"It's the second best album of its kind that we've heard this year; We can't help but think it sound like an extension of Skream's Outside the Box, the first best album of its kind we've heard this year; That said, you do sense Benga's presence in the studio and are glad for it; Nit picking aside, it's fantastic and we hope it makes these dudes famous; Katy B is awesome. —Joshua P. Ferguson on Magnetic Man

“Now, with twenty years under its black belt, it’s released Ninja Tune XX, a massive box set that includes six CDs, six 7”s and the hardcover biography Ninja Tune: 20 Years of Beats and Pieces. Christmas has come early for those that like their music on the bleeding edge.”—Joshua P. Ferguson on Ninja Tune

“Dear is clearly working through some personal muck in all of this mechanically soulful doom and gloom, but for all its ominous tendencies Dear’s Black City has a light at the end of the tunnel. In the uplifting piano of set closer “Gem,” he comes to terms with his troubles, putting them behind him and embracing a brighter day.”—Joshua P. Ferguson on Black City

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Dialogue Incorporated #21
Hosted by Mister Joshua


Kruder & Dorfmeister “Aikon” – G-Stone Recordings

Cosmin TRG “Sore of Attraction” – Rush Hour

Efdemin “There Will Be Singing” – Dial Records

Friendly Fires + Azari & iii “Stay Here” - !k7

The Chemical Brothers “Swoon” – Astral Werks

Jimmy Edgar “Turn You Inside Out” - !k7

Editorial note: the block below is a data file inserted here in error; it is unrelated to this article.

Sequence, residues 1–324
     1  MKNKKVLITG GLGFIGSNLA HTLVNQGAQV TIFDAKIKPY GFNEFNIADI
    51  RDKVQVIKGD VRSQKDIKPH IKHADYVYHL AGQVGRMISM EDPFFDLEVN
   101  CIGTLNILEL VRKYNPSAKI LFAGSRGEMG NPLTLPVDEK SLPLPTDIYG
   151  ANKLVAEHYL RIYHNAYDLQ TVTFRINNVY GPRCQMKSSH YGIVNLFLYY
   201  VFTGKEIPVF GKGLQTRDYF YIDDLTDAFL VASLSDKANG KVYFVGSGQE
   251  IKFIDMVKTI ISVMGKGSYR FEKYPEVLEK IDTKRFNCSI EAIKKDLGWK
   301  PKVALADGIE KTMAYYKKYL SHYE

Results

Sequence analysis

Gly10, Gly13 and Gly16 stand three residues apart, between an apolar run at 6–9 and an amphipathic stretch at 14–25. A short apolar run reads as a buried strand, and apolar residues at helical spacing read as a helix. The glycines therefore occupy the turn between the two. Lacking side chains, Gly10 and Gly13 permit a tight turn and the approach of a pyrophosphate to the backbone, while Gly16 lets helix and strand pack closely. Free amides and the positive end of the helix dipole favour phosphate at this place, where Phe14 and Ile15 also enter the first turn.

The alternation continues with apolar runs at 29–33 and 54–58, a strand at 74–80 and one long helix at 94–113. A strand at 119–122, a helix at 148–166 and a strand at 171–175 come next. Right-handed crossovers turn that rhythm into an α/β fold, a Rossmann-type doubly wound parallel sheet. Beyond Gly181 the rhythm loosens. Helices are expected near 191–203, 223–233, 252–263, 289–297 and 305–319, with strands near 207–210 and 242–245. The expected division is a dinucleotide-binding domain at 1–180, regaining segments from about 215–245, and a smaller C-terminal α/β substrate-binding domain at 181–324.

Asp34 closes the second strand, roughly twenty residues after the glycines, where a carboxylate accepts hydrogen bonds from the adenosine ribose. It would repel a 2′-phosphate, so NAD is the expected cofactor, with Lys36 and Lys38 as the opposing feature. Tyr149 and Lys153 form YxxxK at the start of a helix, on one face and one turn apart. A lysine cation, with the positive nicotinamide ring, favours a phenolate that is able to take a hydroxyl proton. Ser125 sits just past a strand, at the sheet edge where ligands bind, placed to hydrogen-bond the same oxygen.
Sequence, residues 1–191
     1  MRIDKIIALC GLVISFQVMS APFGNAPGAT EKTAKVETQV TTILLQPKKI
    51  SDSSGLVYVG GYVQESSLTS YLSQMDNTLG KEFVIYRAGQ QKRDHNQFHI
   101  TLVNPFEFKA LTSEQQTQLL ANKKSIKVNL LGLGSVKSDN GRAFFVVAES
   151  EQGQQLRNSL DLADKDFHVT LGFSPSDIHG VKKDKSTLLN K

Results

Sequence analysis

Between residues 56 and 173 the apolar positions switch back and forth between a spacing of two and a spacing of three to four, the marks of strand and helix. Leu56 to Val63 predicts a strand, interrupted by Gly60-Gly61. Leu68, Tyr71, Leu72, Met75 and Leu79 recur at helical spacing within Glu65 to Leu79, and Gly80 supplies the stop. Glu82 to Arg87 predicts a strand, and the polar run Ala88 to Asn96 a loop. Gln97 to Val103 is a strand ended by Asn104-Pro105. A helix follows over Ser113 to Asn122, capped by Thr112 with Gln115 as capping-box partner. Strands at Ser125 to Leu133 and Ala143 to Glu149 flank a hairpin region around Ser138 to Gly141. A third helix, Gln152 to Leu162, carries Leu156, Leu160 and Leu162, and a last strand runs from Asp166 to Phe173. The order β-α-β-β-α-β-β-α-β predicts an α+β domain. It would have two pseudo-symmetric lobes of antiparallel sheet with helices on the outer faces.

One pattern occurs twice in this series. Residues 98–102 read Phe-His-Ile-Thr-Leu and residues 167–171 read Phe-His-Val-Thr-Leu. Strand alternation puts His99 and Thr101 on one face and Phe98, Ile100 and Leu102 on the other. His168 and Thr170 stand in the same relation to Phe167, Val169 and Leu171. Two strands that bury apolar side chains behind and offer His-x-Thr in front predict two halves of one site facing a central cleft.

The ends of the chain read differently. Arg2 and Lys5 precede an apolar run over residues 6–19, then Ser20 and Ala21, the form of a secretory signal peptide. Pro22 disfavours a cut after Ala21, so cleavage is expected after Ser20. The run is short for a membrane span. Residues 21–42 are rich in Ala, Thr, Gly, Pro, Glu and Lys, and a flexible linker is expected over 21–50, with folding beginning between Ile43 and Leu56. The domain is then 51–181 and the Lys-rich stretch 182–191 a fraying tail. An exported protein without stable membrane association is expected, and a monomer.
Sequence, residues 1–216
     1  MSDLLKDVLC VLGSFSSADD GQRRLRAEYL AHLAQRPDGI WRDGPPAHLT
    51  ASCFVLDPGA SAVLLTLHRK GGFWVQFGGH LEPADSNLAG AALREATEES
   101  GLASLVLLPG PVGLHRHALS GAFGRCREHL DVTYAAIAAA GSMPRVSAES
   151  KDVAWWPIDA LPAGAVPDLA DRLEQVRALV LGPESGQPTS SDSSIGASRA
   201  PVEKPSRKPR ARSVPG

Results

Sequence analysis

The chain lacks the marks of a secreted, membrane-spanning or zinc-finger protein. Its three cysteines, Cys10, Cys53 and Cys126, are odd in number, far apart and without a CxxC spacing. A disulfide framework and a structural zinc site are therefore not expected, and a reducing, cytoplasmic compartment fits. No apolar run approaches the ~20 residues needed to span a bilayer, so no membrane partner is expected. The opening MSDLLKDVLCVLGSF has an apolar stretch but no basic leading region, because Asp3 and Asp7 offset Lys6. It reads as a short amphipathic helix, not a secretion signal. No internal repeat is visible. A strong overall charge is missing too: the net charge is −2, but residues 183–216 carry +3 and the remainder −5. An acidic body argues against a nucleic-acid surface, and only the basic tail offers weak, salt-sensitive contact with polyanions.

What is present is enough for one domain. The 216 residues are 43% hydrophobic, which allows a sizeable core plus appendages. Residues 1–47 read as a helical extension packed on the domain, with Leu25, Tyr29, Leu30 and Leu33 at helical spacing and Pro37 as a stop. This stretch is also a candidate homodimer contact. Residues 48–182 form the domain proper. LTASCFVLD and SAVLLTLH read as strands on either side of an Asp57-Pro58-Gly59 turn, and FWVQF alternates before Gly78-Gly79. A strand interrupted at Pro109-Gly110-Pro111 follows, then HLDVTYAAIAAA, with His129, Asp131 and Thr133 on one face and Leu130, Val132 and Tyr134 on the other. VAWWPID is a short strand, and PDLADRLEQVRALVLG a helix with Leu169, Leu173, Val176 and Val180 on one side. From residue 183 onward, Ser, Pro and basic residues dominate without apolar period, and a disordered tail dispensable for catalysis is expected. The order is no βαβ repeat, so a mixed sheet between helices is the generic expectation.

Marcel Dettmann “Drawing” – Ostgut Ton

Massive Attack “Paradise Circus” (Gui Boratto remix) – Virgin

Darkstar “Aidy’s Girl is a Computer” (Kyle Hall remix) – Hyperdub

Katy B “Louder” – Rinse

Martyn “Miniluv” – Ostgut Ton

Pariah “Railroad” – R&S Records

Skream “I Love the Way” – Tempa

Magnetic Man “Perfect Stranger” – Columbia UK

Mount Kimbie “Carbonated” – Hot Flush

Eskmo “Cloudlight” – Ninja Tune

Mr. Scruff “Pickled Spider” – Ninja Tune

Underworld “Scribble” – Om Records

Matthew Dear “Gem” – Ghostly International

Guest Mx from Botanika’s NDV

Markey Funk “Soul of Technopolis” - Botanika

Bibio “Fire Ant” - Warp

The Astronotes “Soul Miner” - project moon circle

Star Slinger “Innocent”- starslingeruk.bandcamp.com

Polar Pair ft Eyal Glass “Cry Cry Cry” (Remix) - Test

NDV “Look at the Stars” - Bonjazz

Zomby “The Forest” - Ninja Tune

Deadboy “U Cheated” - Well Rounded

Polar Pair  “Out of My Head” (NDV Remix) - Botanika

Supra 1 “Still Believe” feat. Amy Douglas (Brackles Remix) - Trouble and Bass

Zed Bias feat Tawiah “Further Away” (Even Further RMX by NDV) - Test

Bunny on Acid “A scratch on the heart” - Botanika

Bunny on Acid “Oxygen” - Botanika 

XXXY “This Much” - Fortified Audio

Easy Star All Stars “Any Colour You Like” (KALBATA rmx) - EAS

Bunny on Acid “Luv Hurts” - Promo

Eyal Goldman “Sometimes things change” - Botanika test

BeN-HuR “Strings of 79 / Coming on strong” - Promo

NDV  “Round & Round” - Test

Onili –“Sentimental” (NoizinzioN Remix by Sabbo) - Self Released